Data Deluge and Public Policy: Promises and Perils

Session Report
Pranav Vijay Sonar

An online International Summer School Program on “Data, Monitoring and Evaluation” is a two-month immersive online hands-on certificate training course organized by IMPRI Impact and Policy Research Institute, New Delhi. The second week of the program on June 10th, started with a session on ‘Data Deluge & Public Policy: Promises and Perils’ by Dr. Soumyadip Chattopadhyay.  This session gave an insightful view of enhancing application of numerical literacy in Public Policy in India. The session was opened with introductory and welcoming remarks from Fiza Mahajan and was further moderated by her.

The session was opened by Fiza Mahajan, Visiting Researcher at IMPRI. She starts with details about the Program and provides a thematic view of the speakers who will be guiding during the program.  She says that there will be numerous curated expert sessions on issues to learn the insights of theory, methods, tools, techniques, and applications. Then she welcomes the guest lecturer Dr. Soumyadip Chattopadhyay, Associate professor of Economics, Visva Bharati ShantiNiketan, and visiting senior fellow IMPRI.

Dr. Chattopadhyay talks about the huge amount of data that we are generating in recent times and the implications of it in public policy decisions and choices. He explains that his main focus for the session is on the issues that are relevant to India. As an economist, he feels that the exponential increase in the volume of published data has led to what he calls the  ‘data revolution’, which is creating new challenges for data analysis. And to conquer these challenges we would need new theories, methods, and tools for data integration and visualization.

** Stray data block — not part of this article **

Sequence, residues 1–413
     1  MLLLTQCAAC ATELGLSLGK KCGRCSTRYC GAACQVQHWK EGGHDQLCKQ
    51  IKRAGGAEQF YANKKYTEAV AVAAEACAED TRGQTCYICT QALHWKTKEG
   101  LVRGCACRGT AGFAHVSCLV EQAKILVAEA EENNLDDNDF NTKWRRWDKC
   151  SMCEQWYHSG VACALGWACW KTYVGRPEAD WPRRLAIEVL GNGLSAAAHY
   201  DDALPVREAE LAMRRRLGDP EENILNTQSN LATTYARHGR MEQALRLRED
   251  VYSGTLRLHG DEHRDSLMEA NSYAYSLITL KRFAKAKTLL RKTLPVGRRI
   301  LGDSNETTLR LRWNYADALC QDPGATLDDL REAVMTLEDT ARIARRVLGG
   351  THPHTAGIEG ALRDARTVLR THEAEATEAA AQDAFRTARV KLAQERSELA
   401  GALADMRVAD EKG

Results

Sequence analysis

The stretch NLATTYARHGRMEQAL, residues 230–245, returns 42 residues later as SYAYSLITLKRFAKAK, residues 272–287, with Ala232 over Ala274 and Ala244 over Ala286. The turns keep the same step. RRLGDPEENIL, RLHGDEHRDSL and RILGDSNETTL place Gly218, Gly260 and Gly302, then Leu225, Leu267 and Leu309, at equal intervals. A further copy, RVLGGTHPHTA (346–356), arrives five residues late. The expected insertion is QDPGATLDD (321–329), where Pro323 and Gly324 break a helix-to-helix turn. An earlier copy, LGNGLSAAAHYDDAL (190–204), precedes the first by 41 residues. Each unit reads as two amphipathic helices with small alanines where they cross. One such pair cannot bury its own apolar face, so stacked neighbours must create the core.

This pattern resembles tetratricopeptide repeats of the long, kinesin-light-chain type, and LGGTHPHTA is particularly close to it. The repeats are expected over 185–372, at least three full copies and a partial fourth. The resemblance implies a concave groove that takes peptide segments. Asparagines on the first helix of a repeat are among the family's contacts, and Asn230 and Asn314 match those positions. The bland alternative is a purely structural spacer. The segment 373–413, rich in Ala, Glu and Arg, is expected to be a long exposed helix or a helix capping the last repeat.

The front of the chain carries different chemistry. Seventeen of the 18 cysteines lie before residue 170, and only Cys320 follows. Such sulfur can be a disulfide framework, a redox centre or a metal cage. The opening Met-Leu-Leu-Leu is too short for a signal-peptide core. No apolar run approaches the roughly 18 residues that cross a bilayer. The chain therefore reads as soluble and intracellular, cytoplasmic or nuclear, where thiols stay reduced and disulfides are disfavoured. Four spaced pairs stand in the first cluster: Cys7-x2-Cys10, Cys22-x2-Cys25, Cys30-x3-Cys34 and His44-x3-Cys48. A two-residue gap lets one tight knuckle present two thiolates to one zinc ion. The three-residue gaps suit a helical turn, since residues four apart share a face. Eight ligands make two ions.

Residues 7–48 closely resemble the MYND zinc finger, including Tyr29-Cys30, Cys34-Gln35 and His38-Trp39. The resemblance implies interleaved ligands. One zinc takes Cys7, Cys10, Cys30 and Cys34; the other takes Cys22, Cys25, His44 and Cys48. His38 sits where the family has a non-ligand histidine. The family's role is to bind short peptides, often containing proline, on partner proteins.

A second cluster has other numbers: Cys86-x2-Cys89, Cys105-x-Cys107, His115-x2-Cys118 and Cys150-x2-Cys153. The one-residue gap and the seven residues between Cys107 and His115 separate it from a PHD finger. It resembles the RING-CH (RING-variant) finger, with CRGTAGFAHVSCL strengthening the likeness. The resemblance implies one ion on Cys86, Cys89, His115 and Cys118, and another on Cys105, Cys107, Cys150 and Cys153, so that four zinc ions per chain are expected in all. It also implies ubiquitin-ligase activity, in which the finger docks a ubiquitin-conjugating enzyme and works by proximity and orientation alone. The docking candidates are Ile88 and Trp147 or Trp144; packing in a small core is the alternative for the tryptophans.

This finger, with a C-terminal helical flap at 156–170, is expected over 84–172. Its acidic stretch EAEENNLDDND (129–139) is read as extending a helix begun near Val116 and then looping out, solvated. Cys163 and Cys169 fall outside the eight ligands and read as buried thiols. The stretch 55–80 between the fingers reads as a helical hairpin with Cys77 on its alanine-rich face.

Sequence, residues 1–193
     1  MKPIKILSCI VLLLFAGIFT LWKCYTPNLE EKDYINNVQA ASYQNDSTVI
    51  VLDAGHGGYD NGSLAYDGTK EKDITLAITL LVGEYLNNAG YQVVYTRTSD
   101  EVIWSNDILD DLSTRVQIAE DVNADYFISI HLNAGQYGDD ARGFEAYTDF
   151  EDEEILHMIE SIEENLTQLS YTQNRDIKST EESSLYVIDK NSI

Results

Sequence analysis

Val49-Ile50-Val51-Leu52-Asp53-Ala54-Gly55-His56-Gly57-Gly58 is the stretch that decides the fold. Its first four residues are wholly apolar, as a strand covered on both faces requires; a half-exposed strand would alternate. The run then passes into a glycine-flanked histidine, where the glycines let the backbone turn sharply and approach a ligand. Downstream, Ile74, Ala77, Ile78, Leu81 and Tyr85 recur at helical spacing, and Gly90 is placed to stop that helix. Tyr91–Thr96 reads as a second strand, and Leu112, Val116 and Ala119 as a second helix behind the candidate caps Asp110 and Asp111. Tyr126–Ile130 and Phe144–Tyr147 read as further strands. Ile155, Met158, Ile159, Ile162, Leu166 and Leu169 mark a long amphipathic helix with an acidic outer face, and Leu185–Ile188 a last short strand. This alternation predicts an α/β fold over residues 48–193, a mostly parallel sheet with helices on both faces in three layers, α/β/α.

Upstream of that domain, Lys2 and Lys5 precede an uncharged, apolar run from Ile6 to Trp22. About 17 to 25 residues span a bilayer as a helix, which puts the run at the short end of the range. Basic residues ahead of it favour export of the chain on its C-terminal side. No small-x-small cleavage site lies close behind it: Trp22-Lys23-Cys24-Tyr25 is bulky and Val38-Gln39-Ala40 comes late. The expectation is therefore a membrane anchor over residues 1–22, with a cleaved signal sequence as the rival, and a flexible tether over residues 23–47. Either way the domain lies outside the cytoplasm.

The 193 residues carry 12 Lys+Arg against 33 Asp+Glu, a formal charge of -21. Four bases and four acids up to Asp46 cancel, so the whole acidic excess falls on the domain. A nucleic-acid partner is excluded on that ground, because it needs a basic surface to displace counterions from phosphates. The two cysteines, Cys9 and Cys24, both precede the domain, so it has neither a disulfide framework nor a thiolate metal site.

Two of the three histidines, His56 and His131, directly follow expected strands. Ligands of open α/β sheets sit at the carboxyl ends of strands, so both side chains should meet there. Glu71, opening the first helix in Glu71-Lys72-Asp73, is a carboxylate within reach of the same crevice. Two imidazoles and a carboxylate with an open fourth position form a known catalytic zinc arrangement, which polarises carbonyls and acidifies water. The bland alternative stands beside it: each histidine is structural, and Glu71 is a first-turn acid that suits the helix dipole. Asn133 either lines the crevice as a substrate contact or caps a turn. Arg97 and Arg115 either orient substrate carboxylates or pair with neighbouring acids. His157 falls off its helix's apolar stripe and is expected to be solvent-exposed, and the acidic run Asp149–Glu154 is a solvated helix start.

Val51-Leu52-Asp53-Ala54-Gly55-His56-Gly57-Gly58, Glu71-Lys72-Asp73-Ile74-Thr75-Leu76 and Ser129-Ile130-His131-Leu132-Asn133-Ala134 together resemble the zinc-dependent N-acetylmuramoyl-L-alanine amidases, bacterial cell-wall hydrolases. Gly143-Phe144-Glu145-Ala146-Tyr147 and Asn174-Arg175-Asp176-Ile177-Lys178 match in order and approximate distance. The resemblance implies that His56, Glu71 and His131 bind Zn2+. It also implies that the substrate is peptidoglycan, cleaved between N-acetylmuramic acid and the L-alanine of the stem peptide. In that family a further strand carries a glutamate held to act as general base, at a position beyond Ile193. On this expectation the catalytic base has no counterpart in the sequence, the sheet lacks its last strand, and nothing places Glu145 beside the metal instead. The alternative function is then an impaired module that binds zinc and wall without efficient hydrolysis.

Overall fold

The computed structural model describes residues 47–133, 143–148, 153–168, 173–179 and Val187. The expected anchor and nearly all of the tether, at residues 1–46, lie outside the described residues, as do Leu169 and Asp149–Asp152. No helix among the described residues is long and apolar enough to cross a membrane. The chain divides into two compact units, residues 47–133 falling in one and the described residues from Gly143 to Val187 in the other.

He further explains that we are flooded with data which is raw. And what we require is the good quality of data. In this aspect, he provides what are called the five V’s of data. And managing these five qualities, namely Volume, Variety, Value, Velocity, and Veracity helps understand the nature of data which is later used to produce good quality data which can be used further to add value to public policy decisions.

What is Public Policy?

He defines public policy as a set of actions that affect the solution of a policy problem and the capacity to create public value.  And these public policies have the capacity to solve individual problems and improve the quality of life at a macro level. With the help of data, this quality can be severely improved.

He explains that due to the digital economy, the cost of storage and disseminating data has fallen. While the efficiency of data gathering and processing has increased, which is leading to decreasing marginal cost of data. And along with these changes, the marginal benefit of data has increased. Because, it is promoting evidence-based policy, accountability in public services, and product innovation. He gives an economist’s view to look at the lower marginal cost and higher marginal benefit which explains how much this data revolution is benefitting. He states that this optimal quantum of data that society should consume is much higher than before.